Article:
Director – Derick Martini, Screenplay – Bret Easton Ellis & Derick Martini, Based on the Novel Downers Grove by Michael Hornburg, Producers – Jason Dubin, Oren Segal & Chiara Trento, Photography – Frank Godwin, Music – Pinar Toprak, Visual Effects Supervisor – Dylan Travis, Makeup Effects – Vincent Guastini, Production Design – Derrick Hinman. Production Company – Myriad Pictures/Bystander Films/Alibella Productions/ODD Entertainment
Bella Heathcote (Chrissie Swanson), Lucas Till (Bobby), Kevin Zegers (Chuck Whitmore), Martin Spanjers (David Swanson), Penelope Mitchell (Tracy), Mark L. Young (Ian), Helen Slater (Diane Swanson), Tom Arnold (Charlie Whitmore), Steve Martini (Detective Libretti), Zane Holtz (Guy), Marcus Giamatti (Rich)
Chrissie Swanson is a teenager nearing graduation in Downers Grove, Illinois. She and her classmate are fearful of the so-called Curse of Downers Grove where one of each year’s graduating class is always killed before graduation occurs due to, it is believed, the town being built on Indian burial ground. She has developed a liking for the mechanic Bobby. Her mother goes away with a new guy, leaving Chrissie and her fifteen year-old brother David at home alone. Chrissie then meets Chuck Whitmore, a jock from a neighbouring school, who invites her to a party. Once there, Chuck tries to force himself onto Chrissie and she is forced to jab her finger in his eye to get away. With Chuck left blinded in his eye, bringing an end to a pro football career, he swears vengeance on Chrissie. He and his jock friends begin to stalk and harass Chrissie, beating up Bobby, breaking David’s hand and leaving slaughtered dog carcasses on their lawn. Discovering that Bobby and her best friend Tracy have announced a party at their house, Chrissie realises that Chuck will take the opportunity to invade the house and tries to find a way to defend herself.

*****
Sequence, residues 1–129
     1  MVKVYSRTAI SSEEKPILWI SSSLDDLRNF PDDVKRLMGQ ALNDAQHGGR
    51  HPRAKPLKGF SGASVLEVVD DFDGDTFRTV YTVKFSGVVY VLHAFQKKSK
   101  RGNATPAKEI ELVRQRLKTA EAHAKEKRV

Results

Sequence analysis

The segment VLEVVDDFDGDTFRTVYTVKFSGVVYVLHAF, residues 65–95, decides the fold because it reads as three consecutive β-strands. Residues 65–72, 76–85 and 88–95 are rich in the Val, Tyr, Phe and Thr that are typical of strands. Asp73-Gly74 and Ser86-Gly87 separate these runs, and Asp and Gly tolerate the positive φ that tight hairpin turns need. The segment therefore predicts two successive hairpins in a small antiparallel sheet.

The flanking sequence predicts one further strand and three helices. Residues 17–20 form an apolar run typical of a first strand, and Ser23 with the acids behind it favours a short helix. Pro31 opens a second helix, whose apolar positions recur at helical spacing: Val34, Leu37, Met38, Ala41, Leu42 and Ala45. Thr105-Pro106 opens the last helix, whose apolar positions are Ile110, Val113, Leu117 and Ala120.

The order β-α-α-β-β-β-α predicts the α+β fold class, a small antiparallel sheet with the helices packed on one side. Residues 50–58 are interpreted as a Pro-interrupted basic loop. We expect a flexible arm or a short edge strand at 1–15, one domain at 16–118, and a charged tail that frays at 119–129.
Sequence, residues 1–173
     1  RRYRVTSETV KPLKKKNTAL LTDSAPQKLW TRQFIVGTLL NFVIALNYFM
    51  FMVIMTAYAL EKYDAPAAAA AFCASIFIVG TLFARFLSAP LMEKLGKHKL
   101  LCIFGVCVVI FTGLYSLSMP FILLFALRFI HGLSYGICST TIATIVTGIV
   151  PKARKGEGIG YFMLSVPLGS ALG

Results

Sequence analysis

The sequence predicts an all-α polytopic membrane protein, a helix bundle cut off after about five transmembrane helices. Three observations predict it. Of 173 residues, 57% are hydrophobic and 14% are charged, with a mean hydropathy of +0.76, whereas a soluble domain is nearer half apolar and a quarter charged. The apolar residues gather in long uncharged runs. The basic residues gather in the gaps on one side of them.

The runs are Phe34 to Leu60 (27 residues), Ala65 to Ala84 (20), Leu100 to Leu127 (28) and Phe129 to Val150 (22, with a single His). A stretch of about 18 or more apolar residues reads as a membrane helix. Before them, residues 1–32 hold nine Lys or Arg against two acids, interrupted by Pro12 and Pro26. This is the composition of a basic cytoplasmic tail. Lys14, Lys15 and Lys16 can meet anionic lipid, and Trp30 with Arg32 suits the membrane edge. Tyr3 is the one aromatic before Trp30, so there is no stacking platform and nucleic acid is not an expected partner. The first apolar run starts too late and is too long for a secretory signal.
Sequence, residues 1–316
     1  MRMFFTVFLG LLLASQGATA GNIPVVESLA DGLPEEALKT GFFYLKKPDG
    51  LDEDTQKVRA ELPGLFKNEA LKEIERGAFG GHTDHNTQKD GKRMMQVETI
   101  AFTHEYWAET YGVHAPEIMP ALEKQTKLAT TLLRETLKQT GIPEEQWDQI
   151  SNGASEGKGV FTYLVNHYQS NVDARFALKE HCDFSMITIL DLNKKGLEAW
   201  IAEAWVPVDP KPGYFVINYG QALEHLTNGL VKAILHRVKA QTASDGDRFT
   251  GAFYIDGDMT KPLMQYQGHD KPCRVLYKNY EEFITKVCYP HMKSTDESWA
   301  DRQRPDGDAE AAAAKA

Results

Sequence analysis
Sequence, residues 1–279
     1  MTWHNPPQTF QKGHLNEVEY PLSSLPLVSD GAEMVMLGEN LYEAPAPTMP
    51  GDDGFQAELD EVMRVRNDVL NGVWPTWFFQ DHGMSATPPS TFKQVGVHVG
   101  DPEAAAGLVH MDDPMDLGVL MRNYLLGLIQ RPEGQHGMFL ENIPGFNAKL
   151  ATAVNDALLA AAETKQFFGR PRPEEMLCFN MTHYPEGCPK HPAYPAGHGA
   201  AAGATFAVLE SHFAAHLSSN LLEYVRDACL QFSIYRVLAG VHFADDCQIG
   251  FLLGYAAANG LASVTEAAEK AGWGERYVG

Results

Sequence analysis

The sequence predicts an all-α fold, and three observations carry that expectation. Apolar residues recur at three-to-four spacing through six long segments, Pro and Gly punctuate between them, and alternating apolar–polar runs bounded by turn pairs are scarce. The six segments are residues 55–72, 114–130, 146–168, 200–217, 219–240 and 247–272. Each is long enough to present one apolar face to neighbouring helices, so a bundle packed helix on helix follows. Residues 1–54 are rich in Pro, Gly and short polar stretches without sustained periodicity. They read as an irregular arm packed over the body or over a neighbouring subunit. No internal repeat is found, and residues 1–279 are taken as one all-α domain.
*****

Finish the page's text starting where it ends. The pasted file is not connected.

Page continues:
The Curse of Downers Grove is an adaptation of Downers Grove (1999), a novel by Michael Hornburg. A fictional work, it is set in the real-life high school where Hornburg grew up with characters based on his family, even if the curse has been made up. The film version has been taken on by Derick Martini who had previously made the non-genre Lymelife (2008) and Hick (2011), as well as written the Louis Armstrong biopic Louis (2010).
Martini adapts the book with Bret Easton Ellis, a novelist whose works have been adapted to the screen several times, most notably as Less Than Zero (1987), American Psycho (2000), The Rules of Attraction (2002) and The Informers (2008), as well as the original screenplays for The Canyons (2013) and Smiley Face Killers (2020) based on a group of theoretically speculated true-life serial killers.
I was not sure what to expect of The Curse of Downers Grove before watching. In reading around, I had the impression that the sometimes controversial Bret Easton Ellis name had switched off some other people. As I started watching, Derick Martini’s chosen visual style of subliminal flashes that highlight characters in negative seemed affected and did little to enthuse me for some way in.
However, I was soon jolted out of my seat by the harsh and uncomfortable depiction of the near-rape of Bella Heatchote by Kevin Zegers at the party. The film soon propels one into the realm of the rather grippingly watchable with scenes of slaughtered dog bodies tossed onto the lawn or where the jocks come together and beat Bella Heathcote’s brother Martin Spanjers up in an alleyway and crush his fingers.
The film has a harsh grimness to it. The characters are drawn with considerably more fleshing out and colour than you get in your usual teens-in-peril film. Amid these, Kevin Zegers does psycho rather well. It also becomes one of the few films of its ilk to hold a social message and tackle rape culture among jocks. The siege climax is particularly effective and it becomes an emotionally charged triumph as Bella Heatchote walks through the house blowing her attackers away with a shotgun.
The only part that did not work for me was the titular curse. It is there at the start and soon becomes forgotten about. This leaves a film that starts oft seeming to be about something supernatural and then quickly segues into another type of film about jock culture, bullying, revenge and eventually home invasion. Just when you think the film had forgotten all about the curse, it reappears again at the climax. This unfortunately also ends up becoming one of the biggest negative points about the film, leaving it going out on a major downer. It is something that the film that does not need and you suspect it would have worked far better without the bookended scenes concerning the curse.